Thursday, June 25, 2009

Property Rights and Historic Preservation

The Third Church of Christ, Scientist, one of the finer examples of Brutalist architecture, is inching its way to demolition. The debate over its fate is between the owners, who would like to sell it, and historic preservationists, who want to compel the Christian Scientists to maintain it.

Brutalism has few fans and far more devoted enemies. It is, for many, the architectural equivalent of an erotic novel about Helen Thomas: not something that you want your eyes to fall upon. But as a matter of public policy, I agree with Jonah Goldberg that those who wish to preserve historic items always have the option of buying them:

The church doesn't want to destroy the building, the church wants to better serve its flock by selling the building. If the government or a group of folks like yourself want to save the building, I am sure the owners will gladly sell it. What the historic preservationists want is to save the building, but make the church bear the financial burden. That seems unfair to me generally, and especially problematic given that it's a church and the state isn't supposed to boss around churches.

Saying "you should save that" is always easy, when the costs are carried by someone else.


bob said...

John, I posted today on a similar story only in my story it's a judge telling someone else how to mind their business. If it isn't your money you really don't have much say in the matter

Bro. Dave said...

Amen. I see this all the time in west Tennessee and western Kentucky. Even old tobacco barns are left standing until they rot and fall down. In So. California, where I have also lived and where land is at a premium, if it is not currently in use, it will be torn down and something useful will be built in its place. Not good for historic preservationists, but we can't live completely in our past!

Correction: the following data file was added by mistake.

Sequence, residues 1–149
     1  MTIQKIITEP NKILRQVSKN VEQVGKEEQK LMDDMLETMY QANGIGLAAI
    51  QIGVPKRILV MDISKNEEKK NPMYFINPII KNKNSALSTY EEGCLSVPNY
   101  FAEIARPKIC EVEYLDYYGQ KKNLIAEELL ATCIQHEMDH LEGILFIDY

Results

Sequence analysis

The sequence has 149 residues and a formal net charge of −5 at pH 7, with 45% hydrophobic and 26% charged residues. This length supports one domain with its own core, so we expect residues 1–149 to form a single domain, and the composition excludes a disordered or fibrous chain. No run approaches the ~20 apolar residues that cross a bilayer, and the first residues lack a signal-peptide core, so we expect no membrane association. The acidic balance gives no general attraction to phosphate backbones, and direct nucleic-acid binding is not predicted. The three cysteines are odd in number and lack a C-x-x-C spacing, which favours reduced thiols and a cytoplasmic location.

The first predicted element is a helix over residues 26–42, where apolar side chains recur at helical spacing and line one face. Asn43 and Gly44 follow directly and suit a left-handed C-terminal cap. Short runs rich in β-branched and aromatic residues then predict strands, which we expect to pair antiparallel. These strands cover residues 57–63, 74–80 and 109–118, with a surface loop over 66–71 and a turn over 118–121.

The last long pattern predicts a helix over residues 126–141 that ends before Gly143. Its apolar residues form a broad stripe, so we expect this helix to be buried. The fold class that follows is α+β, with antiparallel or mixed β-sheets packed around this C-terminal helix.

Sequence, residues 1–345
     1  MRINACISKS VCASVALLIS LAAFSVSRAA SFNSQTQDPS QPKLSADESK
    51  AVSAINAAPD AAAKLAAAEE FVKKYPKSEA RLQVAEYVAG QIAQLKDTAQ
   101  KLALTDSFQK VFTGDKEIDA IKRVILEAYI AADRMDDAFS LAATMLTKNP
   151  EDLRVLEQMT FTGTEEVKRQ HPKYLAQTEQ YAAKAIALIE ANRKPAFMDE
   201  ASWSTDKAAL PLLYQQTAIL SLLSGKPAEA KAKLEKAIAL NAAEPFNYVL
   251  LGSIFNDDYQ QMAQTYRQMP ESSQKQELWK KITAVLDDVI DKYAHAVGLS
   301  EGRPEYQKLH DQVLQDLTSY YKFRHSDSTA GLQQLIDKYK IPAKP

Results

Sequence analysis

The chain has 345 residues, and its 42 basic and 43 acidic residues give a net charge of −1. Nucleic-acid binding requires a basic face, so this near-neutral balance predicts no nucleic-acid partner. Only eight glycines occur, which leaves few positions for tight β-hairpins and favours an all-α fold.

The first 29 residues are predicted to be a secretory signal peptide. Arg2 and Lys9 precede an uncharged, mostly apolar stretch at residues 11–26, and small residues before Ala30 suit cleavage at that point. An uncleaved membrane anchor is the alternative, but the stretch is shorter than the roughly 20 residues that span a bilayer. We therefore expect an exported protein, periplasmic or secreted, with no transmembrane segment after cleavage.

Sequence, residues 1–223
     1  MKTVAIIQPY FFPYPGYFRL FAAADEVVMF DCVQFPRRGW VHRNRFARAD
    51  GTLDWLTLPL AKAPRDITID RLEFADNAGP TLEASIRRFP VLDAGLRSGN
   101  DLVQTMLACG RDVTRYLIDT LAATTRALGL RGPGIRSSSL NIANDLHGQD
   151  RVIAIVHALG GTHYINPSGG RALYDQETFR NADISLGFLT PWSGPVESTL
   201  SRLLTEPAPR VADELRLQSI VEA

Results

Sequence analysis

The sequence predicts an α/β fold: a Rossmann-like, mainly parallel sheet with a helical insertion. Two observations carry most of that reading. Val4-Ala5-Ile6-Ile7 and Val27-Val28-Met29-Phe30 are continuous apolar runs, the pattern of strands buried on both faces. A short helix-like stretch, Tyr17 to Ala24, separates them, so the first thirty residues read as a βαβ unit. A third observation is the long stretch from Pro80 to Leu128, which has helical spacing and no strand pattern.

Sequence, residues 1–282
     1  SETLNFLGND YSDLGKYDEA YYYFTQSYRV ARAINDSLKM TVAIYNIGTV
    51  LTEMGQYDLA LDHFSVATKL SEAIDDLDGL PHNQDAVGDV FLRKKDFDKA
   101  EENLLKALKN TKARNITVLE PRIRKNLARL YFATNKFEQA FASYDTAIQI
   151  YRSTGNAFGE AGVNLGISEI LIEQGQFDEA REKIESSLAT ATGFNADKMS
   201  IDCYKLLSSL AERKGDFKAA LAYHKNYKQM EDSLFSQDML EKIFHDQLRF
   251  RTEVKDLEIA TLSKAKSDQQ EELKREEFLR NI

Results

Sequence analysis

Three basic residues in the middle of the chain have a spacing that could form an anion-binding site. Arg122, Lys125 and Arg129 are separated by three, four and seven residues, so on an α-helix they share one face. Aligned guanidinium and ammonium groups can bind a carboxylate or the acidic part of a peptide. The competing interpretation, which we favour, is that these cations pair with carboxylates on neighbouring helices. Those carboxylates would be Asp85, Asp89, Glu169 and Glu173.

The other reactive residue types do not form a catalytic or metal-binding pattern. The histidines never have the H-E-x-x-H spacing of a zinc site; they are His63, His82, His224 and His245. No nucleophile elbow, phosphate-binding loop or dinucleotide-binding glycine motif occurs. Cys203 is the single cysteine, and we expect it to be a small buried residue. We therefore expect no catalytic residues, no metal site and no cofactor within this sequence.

Jeff the Baptist said...

Agreed. We had a situation where a farm down the road from me was a historic site. The family that had owned it and worked it for generations was trying to sell it to real estate developers because they were going under and real estate development was big money. Conservationists and preservationists stepped in and put a stop to that, causing the owners untold grief.

The land wound as up a large public park by the county. The family seems to have gotten a pretty fair price for it, but that didn't look to be the case for a quite a while. The prospect of them getting screwed out of a ton of money by a bunch of busybodies made my trigger finger itch.

Keith Taylor said...

I once lived in the Decatur, AL historic area. I had an old house and the wooden front porch needed replaced since the decking was rotten and I was afraid my step son was going to fall thru.

I went down to the courthouse to get a building permit to tear off the old, rotten wood decking and replace the planks with new, painted the same color.

The lady told me that she couldn't sell me a permit unless I had a set of plans approved by something called the Decatur Historical Society.

I looked at her and said, "I just paid my property taxes last month and I don't recall them helping me with that, and I don't need their approval to replace my porch".

She said she did.

I finally told her, "I'm going to replace the porch on my house with with a permit or without a permit, the only difference is whether or not you take my $15 and give me the permit to place in the window".

She disappeared and in few minutes, came back with the card and took my check for $15.

jockeystreet said...

Keith, that's awesome. And funny.

John said...

Good work standing up to the state, Keith!